Things go worse. Next time, on Serial. Continue to Part 3.
Let's skip the requisite preamble paragraph and get right to it. Here's the plan: in Skyrim, I'm going to use mods and console commands to transform my character into Santa Claus. Then I'm going to deliver gifts to every single NPC household in Skyrim. And I'm going to do it in a single night.
As an aspiring Santa in Skyrim, I face a few challenges. First, a heavy workload. Even a quick glance at the Elder Scrolls wiki shows 115 NPC homes, and I strongly suspect there are more. For instance, the owners of stores often live in rooms above their shops, not in separate homes, so those aren't listed on that page. Cities have castles and palaces stuffed with NPCs who actually live there. There are orc strongholds, two Dark Brotherhood sanctuaries, a few mills that aren't listed, a couple lighthouses, and so on.
For sanity's sake, I'm going to define NPCs as characters who have actual names. I don't plan to do forts or towers, for example: bandits, while naughty and deserving of coal, typically aren't named, and thus can't be on Santa's list. Same with guard barracks: guards are just guards, they have no outside lives that I'm aware of, other than gently mocking passing heroes. No caves, either: while there are some named NPCs living in caves, they're not getting presents because, look: don't live in a cave, okay? Shacks, typically, are inhabited by monsters, or dead bodies, or no one, so I'm skipping those as well. Following those guidelines, I've come up with my general route.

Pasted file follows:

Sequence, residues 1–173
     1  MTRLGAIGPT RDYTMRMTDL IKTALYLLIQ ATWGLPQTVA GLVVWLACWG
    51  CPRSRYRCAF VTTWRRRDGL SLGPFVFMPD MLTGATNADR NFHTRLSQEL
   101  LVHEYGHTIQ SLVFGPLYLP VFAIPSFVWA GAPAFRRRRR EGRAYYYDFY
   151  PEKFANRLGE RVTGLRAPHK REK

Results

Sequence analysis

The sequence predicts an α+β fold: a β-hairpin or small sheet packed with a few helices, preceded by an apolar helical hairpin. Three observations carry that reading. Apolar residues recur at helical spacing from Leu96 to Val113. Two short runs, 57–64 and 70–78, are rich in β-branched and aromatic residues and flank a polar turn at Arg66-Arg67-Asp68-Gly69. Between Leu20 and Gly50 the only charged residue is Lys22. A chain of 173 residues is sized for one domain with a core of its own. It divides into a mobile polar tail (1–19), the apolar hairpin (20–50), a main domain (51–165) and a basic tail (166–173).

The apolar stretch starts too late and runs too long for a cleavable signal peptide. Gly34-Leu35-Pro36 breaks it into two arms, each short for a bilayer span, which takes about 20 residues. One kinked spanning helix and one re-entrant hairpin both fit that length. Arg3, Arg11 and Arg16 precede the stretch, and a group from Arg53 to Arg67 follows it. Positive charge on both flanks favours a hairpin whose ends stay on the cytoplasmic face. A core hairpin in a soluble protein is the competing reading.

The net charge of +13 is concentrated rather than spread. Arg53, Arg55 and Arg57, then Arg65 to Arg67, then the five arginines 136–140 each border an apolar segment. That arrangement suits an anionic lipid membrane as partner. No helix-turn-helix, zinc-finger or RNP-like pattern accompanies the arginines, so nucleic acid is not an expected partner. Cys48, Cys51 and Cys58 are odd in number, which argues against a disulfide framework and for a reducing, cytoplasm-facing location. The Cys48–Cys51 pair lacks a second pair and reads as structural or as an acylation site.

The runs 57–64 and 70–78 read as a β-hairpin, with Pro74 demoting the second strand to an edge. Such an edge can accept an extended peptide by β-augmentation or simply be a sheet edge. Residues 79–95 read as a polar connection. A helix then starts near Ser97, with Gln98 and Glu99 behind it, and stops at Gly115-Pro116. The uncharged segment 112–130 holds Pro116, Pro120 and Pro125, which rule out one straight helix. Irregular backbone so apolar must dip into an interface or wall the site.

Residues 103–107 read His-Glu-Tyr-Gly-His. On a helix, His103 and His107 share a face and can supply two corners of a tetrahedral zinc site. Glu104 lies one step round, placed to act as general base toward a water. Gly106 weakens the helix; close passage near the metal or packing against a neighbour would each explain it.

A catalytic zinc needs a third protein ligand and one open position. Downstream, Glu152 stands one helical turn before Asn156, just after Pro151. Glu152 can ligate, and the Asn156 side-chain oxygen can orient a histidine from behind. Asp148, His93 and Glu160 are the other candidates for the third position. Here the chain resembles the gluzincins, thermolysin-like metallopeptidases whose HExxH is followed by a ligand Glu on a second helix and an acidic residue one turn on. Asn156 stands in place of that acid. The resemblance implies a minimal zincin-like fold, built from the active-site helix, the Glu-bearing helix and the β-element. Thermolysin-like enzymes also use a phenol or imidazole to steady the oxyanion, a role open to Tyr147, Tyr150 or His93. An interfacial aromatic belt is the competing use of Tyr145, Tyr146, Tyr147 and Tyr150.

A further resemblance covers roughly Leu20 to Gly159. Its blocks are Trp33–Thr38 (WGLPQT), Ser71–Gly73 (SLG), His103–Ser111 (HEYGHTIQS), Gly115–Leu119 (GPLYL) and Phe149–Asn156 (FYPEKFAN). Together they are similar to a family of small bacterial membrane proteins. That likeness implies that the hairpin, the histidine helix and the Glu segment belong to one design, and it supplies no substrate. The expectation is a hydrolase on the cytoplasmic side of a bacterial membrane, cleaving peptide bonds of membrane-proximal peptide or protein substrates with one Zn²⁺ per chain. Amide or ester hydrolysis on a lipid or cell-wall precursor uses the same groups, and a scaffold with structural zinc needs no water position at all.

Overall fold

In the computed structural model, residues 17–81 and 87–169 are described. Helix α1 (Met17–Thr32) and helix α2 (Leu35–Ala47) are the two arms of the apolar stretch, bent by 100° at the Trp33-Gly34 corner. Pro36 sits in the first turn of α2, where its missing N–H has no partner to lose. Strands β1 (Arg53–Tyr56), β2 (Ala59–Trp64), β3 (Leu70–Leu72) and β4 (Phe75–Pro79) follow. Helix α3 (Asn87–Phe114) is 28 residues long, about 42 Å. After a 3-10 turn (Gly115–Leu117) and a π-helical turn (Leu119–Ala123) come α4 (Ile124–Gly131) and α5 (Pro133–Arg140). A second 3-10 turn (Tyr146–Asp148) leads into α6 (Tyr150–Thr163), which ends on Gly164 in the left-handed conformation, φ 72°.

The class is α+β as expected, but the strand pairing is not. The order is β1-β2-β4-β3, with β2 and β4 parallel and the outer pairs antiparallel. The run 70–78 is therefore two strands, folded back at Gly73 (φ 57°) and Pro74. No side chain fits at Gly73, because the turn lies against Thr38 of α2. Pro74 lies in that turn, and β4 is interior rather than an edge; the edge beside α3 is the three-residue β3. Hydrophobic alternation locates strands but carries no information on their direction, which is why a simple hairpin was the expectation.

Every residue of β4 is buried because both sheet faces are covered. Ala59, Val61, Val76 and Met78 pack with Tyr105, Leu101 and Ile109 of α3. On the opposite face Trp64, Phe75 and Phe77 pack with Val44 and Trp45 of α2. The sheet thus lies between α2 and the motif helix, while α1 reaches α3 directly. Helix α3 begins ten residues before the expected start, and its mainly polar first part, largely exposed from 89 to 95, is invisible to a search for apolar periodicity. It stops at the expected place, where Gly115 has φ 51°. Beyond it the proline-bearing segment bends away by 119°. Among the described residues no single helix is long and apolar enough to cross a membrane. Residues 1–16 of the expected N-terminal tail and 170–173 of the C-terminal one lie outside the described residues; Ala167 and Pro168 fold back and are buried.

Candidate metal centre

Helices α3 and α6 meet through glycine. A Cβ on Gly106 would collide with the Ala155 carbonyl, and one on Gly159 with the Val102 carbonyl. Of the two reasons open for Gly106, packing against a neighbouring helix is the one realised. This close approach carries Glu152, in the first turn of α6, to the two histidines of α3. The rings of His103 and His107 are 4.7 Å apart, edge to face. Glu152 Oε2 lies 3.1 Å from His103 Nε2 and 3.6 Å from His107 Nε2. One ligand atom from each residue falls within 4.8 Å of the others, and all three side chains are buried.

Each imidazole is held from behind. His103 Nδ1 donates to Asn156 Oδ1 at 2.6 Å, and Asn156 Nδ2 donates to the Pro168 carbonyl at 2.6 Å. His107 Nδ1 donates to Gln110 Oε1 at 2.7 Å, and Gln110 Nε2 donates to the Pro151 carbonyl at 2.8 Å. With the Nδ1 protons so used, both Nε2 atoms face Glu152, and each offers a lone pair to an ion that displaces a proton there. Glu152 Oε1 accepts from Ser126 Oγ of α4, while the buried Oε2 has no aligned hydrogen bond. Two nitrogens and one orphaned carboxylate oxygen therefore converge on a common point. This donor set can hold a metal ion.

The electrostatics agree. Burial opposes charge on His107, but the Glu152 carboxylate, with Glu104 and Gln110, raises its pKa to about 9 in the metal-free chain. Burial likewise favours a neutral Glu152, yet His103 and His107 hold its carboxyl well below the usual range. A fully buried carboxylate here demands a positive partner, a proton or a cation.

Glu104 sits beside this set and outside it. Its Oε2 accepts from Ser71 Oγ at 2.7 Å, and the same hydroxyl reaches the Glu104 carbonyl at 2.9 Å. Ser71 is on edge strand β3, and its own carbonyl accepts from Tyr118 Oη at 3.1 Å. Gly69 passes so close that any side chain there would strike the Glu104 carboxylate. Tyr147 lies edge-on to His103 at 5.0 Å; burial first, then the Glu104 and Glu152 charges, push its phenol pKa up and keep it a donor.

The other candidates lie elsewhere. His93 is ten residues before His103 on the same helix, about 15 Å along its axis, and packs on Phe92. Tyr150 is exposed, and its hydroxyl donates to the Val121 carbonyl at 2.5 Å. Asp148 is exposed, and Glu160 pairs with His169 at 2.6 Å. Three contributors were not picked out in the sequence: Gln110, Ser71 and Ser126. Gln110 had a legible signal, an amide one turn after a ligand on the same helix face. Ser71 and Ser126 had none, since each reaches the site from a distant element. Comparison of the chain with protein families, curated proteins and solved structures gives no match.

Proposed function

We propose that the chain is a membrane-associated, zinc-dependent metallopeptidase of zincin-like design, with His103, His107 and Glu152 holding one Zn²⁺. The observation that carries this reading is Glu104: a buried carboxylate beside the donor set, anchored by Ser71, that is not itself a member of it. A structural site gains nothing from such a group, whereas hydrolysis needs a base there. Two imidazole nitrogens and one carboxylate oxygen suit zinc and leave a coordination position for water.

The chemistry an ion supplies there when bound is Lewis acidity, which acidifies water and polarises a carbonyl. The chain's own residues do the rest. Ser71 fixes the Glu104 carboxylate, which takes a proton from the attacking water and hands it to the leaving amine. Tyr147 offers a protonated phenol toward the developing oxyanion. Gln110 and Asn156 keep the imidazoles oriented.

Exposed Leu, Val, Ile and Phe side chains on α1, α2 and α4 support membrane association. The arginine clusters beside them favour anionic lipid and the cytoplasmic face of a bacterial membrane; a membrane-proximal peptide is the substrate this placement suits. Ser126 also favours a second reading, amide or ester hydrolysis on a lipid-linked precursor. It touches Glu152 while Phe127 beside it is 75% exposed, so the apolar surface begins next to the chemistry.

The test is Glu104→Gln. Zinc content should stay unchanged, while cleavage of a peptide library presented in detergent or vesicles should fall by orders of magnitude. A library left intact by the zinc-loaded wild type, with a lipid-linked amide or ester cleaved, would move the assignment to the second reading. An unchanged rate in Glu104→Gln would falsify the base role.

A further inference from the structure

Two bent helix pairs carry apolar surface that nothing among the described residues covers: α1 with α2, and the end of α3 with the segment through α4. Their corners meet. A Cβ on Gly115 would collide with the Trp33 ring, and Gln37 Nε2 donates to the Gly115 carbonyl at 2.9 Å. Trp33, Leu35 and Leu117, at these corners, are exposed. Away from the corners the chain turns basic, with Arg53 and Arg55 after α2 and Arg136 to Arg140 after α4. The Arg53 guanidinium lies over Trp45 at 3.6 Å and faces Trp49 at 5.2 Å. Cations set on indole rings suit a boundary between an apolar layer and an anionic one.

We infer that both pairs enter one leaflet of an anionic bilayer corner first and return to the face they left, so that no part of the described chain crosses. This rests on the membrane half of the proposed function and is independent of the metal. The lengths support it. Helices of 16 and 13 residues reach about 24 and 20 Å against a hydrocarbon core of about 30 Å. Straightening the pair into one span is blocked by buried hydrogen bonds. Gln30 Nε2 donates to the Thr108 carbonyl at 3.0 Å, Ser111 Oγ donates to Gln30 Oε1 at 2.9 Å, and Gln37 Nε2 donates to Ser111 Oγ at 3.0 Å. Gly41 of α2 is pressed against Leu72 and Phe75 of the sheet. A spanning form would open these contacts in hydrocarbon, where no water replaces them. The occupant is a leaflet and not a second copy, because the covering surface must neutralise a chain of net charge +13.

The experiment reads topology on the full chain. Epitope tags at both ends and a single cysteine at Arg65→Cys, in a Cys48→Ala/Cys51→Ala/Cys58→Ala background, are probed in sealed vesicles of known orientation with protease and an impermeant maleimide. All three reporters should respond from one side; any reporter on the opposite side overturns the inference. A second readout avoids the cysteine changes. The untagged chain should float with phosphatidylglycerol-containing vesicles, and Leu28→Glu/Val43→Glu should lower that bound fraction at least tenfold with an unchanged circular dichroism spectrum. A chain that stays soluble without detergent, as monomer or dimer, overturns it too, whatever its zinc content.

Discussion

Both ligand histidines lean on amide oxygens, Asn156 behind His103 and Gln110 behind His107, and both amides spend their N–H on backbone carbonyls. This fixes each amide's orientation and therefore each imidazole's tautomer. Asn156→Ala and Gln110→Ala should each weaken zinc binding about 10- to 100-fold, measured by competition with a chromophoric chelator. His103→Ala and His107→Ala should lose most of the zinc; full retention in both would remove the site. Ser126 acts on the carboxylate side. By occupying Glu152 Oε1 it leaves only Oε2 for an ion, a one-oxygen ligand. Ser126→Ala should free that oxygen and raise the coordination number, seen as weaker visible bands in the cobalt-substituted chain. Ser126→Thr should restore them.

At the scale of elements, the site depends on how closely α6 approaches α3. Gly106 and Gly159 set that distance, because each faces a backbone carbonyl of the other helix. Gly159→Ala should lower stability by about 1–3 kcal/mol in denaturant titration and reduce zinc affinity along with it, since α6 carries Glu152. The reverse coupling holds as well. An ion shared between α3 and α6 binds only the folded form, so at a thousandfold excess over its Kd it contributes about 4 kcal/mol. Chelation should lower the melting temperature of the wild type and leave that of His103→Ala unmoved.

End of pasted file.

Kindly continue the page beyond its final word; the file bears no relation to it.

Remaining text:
Now, to look a bit closer at the details. Just by examining the city of Solitude and making notes, I've counted up 76 NPCs who need presents. Granted, many of them share lodgings, so I should be able to dump presents for entire families in a matter of moments, but that's still a lot of individual stops. More than I had really thought there would be.
Which means I really need to do something about the duration of Christmas Eve. First of all, vanilla night is not nearly long enough: the day/night cycle in Skyrim is set at 20:1, where every minute of real-time equals 20 minutes of in-game time. Using the console command 'set timescale to 1' makes the passage of time in Skyrim identical to real-time. Provided I start at 8:00 p.m., and plan to be done by 8:00 a.m., that should give me enough time for the trip.